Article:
Roll up your sleeves, seize every opportunity and take the future by the horns! Surely that is the best way to approach the transformation of the economy in the region of Lusatia? Played up by policymakers, this upbeat narrative is indeed vital to the success of what is a mammoth undertaking. But so too are the experiences of people and institutions across the region. As scientists working in the field of sustainable development, we must consider the broader social context of efforts to foster a less resource-intensive economy and way of life in Lusatia.
The Commission on Growth, Structural Change and Employment recently recommended to the Federal Government that Germany should ditch coal power by 2038 and allocate significant funding to the affected regions in order to cushion disruption and support structural transformation in the coal-mining regions. One such region is Lusatia, where 8,000 people are directly employed in the coal-mining and energy industries and a further 14,000 indirectly. The term “structural transformation” refers to the fundamental changes that occur when a central node of economic, social and political life falls away. In this case, that node is coal.
In an ideal world, the major stakeholders – the region’s towns and cities, the state and federal governments, businesses, public associations and citizens – would come together to weigh up the best concepts and work towards a carbon-free, sustainable and life-affirming future. Instead, conflicts have erupted as this looming transformation touches on long-held narratives and experiences that intersect with questions of identity and justice. In the face of the upheavals that lie ahead, these issues have become virulent. And while few of these conflicts are specific to Lusatia, their particular constellation is unique.
Coal has been mined in Lusatia since the end of the 18th century. In the course of the 19th and 20th centuries, more and more underground and opencast mines were established to meet the energy needs of Germany’s burgeoning cities and industries. Industrial labour soon defined the rhythm of daily life for the majority of the population. The Lausitz coal district supplied the entire German Democratic Republic (GDR) with coal-fired power and numerous industries (including glass and textile production as well as mechanical engineering) were established there, which in turn attracted workers to the region. The introduction of the deutschmark and the market economy in the course of German reunification placed mining companies in the formerly socialist Eastern German regions under intense pressure and forced many out of business. Tens of thousands of workers lost their jobs within the space of just a few years. The individual and collective rhythm was lost.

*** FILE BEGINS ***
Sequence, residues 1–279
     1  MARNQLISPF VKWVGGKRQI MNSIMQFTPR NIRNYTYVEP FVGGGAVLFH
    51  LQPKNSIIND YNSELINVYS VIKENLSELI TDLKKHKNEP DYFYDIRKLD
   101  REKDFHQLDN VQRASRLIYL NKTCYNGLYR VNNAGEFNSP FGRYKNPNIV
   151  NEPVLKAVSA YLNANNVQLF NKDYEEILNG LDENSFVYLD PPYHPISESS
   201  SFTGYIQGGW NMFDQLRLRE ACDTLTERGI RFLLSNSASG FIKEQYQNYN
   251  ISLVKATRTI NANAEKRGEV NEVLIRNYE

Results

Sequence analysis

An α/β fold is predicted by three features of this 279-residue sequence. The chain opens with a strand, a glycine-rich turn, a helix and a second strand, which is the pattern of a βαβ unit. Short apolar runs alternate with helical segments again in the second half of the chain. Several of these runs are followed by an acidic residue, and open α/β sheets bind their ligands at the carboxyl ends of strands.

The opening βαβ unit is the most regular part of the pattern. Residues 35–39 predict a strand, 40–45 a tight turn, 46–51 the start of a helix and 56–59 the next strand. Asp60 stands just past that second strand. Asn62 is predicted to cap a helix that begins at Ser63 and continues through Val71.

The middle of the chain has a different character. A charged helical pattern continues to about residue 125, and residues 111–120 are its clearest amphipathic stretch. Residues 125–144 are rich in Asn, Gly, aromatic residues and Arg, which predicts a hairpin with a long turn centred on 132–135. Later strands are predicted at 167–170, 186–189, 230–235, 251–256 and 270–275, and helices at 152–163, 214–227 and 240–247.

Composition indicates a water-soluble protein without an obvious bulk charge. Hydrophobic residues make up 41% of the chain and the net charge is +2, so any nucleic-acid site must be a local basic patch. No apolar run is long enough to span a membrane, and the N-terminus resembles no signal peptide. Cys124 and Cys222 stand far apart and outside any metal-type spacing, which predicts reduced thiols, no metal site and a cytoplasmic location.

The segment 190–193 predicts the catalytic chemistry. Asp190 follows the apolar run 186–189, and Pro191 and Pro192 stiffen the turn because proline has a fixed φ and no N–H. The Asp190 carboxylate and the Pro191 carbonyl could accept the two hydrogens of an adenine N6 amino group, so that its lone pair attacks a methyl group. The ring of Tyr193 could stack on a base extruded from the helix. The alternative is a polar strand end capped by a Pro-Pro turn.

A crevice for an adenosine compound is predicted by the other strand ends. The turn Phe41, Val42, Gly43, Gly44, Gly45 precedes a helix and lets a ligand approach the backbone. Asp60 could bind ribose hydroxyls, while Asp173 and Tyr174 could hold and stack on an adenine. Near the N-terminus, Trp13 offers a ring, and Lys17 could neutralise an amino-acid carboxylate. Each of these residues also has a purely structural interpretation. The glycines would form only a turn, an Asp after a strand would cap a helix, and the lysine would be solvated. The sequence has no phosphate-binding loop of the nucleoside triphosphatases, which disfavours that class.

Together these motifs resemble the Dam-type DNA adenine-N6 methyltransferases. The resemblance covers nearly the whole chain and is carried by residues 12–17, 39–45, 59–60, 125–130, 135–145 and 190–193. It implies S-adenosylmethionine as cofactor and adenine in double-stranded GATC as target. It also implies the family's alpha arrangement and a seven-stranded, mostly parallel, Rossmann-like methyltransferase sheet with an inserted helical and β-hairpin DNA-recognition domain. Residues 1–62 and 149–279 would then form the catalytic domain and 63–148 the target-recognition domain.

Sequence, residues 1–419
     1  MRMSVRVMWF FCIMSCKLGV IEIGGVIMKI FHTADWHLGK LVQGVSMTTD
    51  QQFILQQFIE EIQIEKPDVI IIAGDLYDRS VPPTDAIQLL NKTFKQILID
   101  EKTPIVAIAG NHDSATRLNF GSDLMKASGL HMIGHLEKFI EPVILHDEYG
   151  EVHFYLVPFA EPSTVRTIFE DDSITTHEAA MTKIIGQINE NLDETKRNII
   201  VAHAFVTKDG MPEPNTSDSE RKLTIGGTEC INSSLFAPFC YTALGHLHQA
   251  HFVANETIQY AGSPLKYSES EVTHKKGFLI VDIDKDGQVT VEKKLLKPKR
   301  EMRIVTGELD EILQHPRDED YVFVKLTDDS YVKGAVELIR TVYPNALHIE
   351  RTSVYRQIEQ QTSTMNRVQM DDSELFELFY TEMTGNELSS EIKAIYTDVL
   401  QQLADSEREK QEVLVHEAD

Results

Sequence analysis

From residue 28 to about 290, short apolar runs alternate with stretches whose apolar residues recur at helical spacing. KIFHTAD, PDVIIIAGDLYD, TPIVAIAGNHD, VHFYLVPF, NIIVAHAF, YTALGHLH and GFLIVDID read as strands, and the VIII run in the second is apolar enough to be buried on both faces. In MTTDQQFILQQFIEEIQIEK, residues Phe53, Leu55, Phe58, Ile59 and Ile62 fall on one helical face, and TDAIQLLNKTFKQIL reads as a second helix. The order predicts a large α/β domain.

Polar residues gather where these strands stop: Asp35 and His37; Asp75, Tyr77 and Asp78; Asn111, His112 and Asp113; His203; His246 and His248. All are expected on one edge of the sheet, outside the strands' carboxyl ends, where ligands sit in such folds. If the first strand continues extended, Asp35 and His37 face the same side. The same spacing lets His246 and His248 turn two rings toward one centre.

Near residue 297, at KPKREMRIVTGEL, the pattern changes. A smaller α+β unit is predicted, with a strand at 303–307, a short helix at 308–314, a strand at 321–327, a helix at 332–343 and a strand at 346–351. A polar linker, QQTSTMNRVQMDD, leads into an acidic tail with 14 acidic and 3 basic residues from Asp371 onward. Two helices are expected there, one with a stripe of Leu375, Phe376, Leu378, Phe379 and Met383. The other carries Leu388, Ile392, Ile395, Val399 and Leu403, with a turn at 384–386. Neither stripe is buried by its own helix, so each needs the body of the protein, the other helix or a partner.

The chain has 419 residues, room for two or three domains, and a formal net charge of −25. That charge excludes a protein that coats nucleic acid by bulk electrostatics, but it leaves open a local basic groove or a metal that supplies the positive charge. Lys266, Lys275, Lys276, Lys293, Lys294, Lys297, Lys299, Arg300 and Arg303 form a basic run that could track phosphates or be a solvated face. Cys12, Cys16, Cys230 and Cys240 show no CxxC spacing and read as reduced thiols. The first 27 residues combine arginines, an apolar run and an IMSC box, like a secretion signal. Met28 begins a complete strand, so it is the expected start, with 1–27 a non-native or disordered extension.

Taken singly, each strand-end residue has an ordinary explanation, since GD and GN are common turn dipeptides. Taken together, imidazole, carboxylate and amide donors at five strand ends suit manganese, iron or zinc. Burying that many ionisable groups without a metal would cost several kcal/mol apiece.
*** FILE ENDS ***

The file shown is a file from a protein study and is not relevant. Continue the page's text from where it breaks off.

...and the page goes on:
For centuries people had migrated to and from Lusatia. The Sorbs – now recognized as an ethnic minority – are the region’s longest inhabitants. The industrial policies of the GDR triggered an unprecedented influx of people into Lusatia. The populations of cities such as Weißwasser or Hoyerswerda grew exponentially as large, prefabricated housing estates were established close by the new factories. When these industries collapsed in the 1990s, thousands of people – indeed a majority of young people and women, in particular – emigrated to larger cities and to “the West”. This experience of (in)voluntary departures and strandings is deeply woven into individual and collective memories across the region, even though populations have stabilized in many areas in recent years – leaving and remaining have become survival strategies.